Should Med Schools lower MCAT and GPA criteria for underrepresented students?

This is certainly a challenging question and one that has drawn a great deal of attention over the years. A recent DiverseMedicine Inc poll showed that 64% of those surveyed take the stance that MCAT and GPA criteria should be lower for underrepresented students. What do you think? Here are my thoughts.

I do agree with the majority opinion on DiverseMedicine Inc. At first thought, my answer would have been a resounding NO! Why should the criteria be lower for any particular group. Why show favoritism? This is NOT fair. If I am a patient, wouldn’t I want the smarter, more intelligent doctor? Wouldn’t you? Well, now that I really think about it, intelligence would not be the first thing I look for in a physician. The truth of the matter is, that in this day and age, even patients can look up answers online as to how to treat certain medical conditions. If a patient can do it, of course a doctor can. I’d rather have the physician who is resourceful and compassionate versus the one who is more “intelligent” (based on test scores). Though I am still a young physician, I have practiced long enough to know that there are other characteristics physicians more important than test scores. You can ask almost any doctor if they know someone who scored of the charts on their exams but still isn’t a very good physician and they will tell you yes. So my point is simple, higher scores do not equal better doctors (studies have demonstrated this truth)!

If two applicants are exactly identical in all aspects except their race, I would argue that consideration should be given to the underrepresented one. It is important to understand we are living in an era during which racial demographics are changing faster than ever. Along with this, national priorities are changing as well. Many studies have shown that some patient populations tend to feel more comfortable and may have better outcomes when treated by a physician on similar ethnicity. It is our obligation as a medical community to strategize ways to meet the nations needs. Just think about it, what groups use more healthcare dollars per-capita? The underrepresented groups (e.g. rural, racial minority, impoverished, etc). The reasons as to why this is are many, of which one is they often feel they do not have physicians who can relate to them.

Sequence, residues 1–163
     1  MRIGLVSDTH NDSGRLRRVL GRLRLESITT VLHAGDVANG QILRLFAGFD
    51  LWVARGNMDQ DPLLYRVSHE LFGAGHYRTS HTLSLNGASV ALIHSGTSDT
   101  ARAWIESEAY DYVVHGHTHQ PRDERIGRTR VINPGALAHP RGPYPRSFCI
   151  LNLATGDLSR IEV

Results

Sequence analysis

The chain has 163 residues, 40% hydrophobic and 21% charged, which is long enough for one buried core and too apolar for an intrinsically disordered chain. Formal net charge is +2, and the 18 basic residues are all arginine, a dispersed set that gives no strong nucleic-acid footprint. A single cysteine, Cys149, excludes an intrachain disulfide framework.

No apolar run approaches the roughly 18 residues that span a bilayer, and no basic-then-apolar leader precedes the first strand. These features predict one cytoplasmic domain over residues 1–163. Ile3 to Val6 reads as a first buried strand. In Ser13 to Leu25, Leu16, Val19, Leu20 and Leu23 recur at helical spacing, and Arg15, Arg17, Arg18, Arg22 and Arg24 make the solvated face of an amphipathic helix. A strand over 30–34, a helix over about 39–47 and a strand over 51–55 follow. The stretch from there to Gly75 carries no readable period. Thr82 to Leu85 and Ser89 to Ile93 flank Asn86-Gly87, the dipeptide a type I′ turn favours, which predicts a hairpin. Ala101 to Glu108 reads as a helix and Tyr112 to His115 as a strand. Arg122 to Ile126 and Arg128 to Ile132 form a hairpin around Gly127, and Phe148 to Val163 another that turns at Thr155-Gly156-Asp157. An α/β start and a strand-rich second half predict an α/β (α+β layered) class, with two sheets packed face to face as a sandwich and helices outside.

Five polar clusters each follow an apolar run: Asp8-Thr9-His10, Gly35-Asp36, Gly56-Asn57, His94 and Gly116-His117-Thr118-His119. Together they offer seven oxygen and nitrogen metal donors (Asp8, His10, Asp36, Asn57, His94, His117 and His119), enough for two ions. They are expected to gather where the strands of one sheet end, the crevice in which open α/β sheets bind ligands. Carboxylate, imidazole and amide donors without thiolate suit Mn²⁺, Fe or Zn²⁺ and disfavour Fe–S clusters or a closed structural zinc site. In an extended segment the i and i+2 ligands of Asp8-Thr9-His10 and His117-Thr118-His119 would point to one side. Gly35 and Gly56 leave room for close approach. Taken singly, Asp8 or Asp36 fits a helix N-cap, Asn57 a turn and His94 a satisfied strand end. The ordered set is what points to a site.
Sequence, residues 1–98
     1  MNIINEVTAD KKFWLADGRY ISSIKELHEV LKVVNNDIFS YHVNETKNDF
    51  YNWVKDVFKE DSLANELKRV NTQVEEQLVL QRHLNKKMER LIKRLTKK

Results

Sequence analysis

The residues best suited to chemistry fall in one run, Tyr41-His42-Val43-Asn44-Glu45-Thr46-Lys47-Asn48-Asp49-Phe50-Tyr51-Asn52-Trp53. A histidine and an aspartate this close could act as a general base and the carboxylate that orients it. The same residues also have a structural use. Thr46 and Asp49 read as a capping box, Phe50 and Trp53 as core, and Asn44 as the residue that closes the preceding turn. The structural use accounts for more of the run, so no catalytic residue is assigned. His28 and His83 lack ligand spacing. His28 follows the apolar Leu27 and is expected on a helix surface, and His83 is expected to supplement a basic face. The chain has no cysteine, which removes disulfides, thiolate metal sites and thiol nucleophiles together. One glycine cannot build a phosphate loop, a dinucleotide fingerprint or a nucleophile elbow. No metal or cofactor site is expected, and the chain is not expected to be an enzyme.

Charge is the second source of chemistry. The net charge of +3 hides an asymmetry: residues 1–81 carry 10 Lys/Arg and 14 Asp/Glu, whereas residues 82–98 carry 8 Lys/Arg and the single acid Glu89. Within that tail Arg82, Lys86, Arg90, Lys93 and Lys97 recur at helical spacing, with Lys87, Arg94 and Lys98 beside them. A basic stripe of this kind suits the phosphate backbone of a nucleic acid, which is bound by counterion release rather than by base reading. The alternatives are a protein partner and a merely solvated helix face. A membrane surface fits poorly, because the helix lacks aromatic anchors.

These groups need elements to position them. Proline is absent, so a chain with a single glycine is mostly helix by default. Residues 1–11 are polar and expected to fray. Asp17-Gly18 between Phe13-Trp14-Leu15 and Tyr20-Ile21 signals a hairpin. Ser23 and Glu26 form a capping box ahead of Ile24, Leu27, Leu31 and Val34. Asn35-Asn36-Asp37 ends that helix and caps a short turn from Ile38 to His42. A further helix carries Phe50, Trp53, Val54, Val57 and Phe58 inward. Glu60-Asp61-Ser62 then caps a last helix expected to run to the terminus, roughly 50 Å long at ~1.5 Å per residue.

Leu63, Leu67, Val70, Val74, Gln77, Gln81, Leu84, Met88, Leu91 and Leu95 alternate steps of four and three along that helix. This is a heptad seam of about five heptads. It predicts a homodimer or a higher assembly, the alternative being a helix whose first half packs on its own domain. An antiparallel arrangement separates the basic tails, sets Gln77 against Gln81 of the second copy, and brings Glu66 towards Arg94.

As young physicians in the United States, we are inheriting a failing system and innovative mentalities are necessary to rectify the situation. There are many problem areas, and perhaps one of the most obvious is lack of proper care to underrepresented populations. So why not put resources towards that problem. What better resources are there than human personnel? In other words, we need more health care providers willing to go practice in those underrepresented areas and the people most likely to practice there are the people who are from there. We NEED to get physicians practicing in underserved areas!

So, accepting the student with a gpa of 3.6 and MCAT of 25 over the one with 3.8 and 30 may in certain circumstances be to the benefit of the nation. I know, but this isn’t fair is it? Well, I’d also argue that it wasn’t fair the first student mentioned went to inner city schools as a child with outdated text books and teachers who were more concerned about getting home than educating the kids. But we won’t get into that, at least not now….


2 thoughts on “Should Med Schools lower MCAT and GPA criteria for underrepresented students?

  1. Profile photo of Dr. DanielDr. Daniel

    Great blog. Unfortunately, we are not yet at a point where the average underrepresented minority has the financial/social support, study tools, or proper mentorship to be as competitive with these test scores. Even at that, other major factors like nepotism may also interfere with chances. This is why mentorship programs like diversemedicine are needed to help even the playing field a bit. As the next generation of minorities comes along with their parents being doctors the scores will begin to blend.

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